Judith Herman’s book Trauma and Recovery has heavily influenced therapeutic approaches. Recovery entails three phases which are best worked through sequentially: First ‘establishing safety’; secondly ‘a process of remembrance and mourning for what was lost’; thirdly ‘reconnecting with community and more broadly, society’.


Critics of the model, such as August Piper, argue that the logic that childhood trauma causes insanity has a serious flaw: If the claim was true, the abuse of millions of children over the years should have caused higher prevalence rates of mental disorders than the literature reveals. Other critics, particularly proponents of behaviour family therapy, have seen trauma models as parent blaming, and have emphasised the fact that families are usually the main, and often only, source of support for people diagnosed with severe mental illness. Lucy Johnstone has pointed out that some critics advocate family interventions for adult psychiatric patients whilst at the same time maintaining that childhood experiences are not causal as regards mental illness – as if family members can only have a helpful or damaging impact on their adult children.

In response to Piper’s assertion, it has been noted that Arieti stated in Interpretation of Schizophrenia that a trauma is more significant when committed by people to whom young human beings are emotionally bonded, and abuse is often interwoven with other forms of neglect and confusing behaviours from care-givers:

First of all we have to repeat here what we already mentioned…, that conditions of obvious external danger, as in the case of wars, disasters, or other adversities that affect the collectivity, do not produce the type of anxiety that hurts the inner self and do not themselves favor schizophrenia. Even extreme poverty, physical illness, or personal tragedies do not necessarily lead to schizophrenia unless they have psychological ramifications that hurt the sense of self. Even homes broken by death, divorce or desertion may be less destructive than homes where both parents are alive, live together, and always undermine the child’s conception of himself.

Recent Approaches

A 2005 meta-analysis of schizophrenia revealed that the prevalence of physical and sexual abuse in the histories of people diagnosed with psychotic disorders is very high and has been understudied. This literature review revealed prevalence rates of childhood sexual abuse in studies of people diagnosed with schizophrenia ranging from 45% to 65%. An analysis of the American National Comorbidity Study revealed that people who have endured three kinds of abuse (e.g. sexual, physical, bullying) are at an 18-fold higher risk of psychosis, whereas those experiencing five types are 193 times more likely to become psychotic. A 2012 review article supported the hypothesis that current or recent trauma may affect an individual’s assessment of the more distant past, changing the experience of the past and resulting in dissociative states. Several reviews of risk factors for common mental disorders have emphasised trauma. Such research has rejuvenated interest in this field, both from clinicians, researchers and service user organisations such as the Hearing Voices movement.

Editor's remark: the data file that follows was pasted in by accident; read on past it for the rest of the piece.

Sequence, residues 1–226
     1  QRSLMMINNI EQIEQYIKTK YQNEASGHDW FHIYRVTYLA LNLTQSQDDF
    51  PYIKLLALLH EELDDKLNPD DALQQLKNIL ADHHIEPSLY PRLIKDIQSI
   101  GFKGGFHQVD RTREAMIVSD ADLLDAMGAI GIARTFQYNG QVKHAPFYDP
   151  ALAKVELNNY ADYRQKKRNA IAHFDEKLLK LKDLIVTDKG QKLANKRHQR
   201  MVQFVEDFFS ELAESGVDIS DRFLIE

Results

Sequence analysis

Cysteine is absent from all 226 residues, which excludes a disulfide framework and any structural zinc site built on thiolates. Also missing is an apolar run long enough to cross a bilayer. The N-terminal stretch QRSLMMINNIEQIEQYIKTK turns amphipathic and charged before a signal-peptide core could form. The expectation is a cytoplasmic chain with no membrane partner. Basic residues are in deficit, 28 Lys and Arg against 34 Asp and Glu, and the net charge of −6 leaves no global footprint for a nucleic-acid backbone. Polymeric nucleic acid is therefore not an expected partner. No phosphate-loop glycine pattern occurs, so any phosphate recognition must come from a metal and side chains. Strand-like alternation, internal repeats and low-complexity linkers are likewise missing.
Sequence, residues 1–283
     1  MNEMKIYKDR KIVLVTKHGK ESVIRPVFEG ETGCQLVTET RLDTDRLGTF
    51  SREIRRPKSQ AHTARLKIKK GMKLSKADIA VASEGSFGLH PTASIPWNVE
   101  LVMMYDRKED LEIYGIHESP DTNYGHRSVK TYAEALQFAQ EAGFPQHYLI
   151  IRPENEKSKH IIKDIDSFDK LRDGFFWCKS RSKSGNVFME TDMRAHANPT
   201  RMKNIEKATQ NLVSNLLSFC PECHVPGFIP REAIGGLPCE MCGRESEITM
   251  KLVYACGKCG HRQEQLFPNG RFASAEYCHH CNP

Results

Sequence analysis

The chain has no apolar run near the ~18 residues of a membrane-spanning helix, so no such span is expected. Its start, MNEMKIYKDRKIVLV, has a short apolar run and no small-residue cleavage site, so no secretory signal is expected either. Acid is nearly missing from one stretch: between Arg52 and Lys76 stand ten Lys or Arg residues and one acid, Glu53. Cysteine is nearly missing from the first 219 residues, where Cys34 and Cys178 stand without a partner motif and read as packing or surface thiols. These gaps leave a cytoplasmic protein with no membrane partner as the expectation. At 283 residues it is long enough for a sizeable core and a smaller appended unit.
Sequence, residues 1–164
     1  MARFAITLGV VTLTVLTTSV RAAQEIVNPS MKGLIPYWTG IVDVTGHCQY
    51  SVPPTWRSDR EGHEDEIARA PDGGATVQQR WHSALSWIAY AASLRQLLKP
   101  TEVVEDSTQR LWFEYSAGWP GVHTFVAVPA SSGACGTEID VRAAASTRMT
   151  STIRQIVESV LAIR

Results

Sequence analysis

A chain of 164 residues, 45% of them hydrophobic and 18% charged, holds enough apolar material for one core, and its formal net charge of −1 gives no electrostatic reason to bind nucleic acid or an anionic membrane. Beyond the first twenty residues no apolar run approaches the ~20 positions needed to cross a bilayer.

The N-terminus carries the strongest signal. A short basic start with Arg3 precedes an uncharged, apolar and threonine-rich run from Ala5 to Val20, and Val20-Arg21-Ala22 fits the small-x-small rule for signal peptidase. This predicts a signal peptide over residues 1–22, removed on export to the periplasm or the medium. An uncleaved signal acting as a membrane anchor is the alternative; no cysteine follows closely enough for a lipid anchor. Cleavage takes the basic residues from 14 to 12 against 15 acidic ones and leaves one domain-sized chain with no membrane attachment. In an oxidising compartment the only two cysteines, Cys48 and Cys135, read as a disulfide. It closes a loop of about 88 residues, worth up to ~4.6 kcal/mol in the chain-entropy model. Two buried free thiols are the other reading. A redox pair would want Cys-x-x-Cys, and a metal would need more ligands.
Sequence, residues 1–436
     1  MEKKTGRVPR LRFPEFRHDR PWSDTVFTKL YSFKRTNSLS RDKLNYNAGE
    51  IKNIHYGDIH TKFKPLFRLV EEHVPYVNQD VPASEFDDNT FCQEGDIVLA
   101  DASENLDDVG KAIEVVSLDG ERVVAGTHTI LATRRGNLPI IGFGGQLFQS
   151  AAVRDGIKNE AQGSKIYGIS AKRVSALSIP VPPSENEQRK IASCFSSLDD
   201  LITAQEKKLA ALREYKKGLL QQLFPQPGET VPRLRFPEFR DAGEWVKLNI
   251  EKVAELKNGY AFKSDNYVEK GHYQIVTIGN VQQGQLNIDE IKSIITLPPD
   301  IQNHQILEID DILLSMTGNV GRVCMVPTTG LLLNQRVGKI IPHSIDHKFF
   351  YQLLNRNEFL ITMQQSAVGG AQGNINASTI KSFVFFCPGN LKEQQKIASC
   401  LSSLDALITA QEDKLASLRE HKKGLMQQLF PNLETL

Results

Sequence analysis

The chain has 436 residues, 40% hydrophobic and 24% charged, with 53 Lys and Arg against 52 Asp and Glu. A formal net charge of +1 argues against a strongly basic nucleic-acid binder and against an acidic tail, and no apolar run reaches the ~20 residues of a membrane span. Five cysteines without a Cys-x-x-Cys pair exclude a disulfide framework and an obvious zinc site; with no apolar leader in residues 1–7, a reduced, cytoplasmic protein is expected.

Psychiatrist Colin Ross calls his model the “trauma model of mental disorders” and emphasises that, unlike biological models, this addresses the literature on comorbidity of trauma with mental disorders. Ross describes the theoretical basis of his trauma model as common sense:

“The problem faced by many patients is that they did not grow up in a reasonably healthy, normal family. They grew up in an inconsistent, abusive and traumatic family. The very people to whom the child had to attach for survival were also abuse perpetrators and hurt him or her badly…. The basic conflict, the deepest pain, and the deepest source of symptoms, is the fact that mom and dad’s behavior hurts, did not fit together, and did not make sense.”

In terms of psychoses, most researchers and clinicians believe that genetics remains a causative risk factor but “genes alone do not cause the illness”. Modern views of genetics see genes more like dimmer switches, with environmental factors switching the genes on; the more severe the environmental stress, the more effect genes have.

In the field of criminology, Lonnie Athens developed a theory of how a process of brutalization by parents or peers that usually occurs in childhood results in violent crimes in adulthood. Richard Rhodes’s Why They Kill describes Athens’s observations about domestic and societal violence in the criminals’ backgrounds. Both Athens and Rhodes reject the genetic inheritance theories.

Criminologists Jonathan Pincus and Dorothy Otnow Lewis believe that although it is the interaction of childhood abuse and neurological disturbances that explains murder, virtually all of the 150 murderers they studied over a 25-year period had suffered severe abuse as children. Pincus believes that the only feasible remedy for crime would be the prevention of child abuse.

The logical conclusion of the trauma model is that the task for clinicians is not to treat biological disorders but to help people manage and modify their learned, and often embedded, responses to traumas they have experienced. As such, services need to be reconstituted to focus on this aim.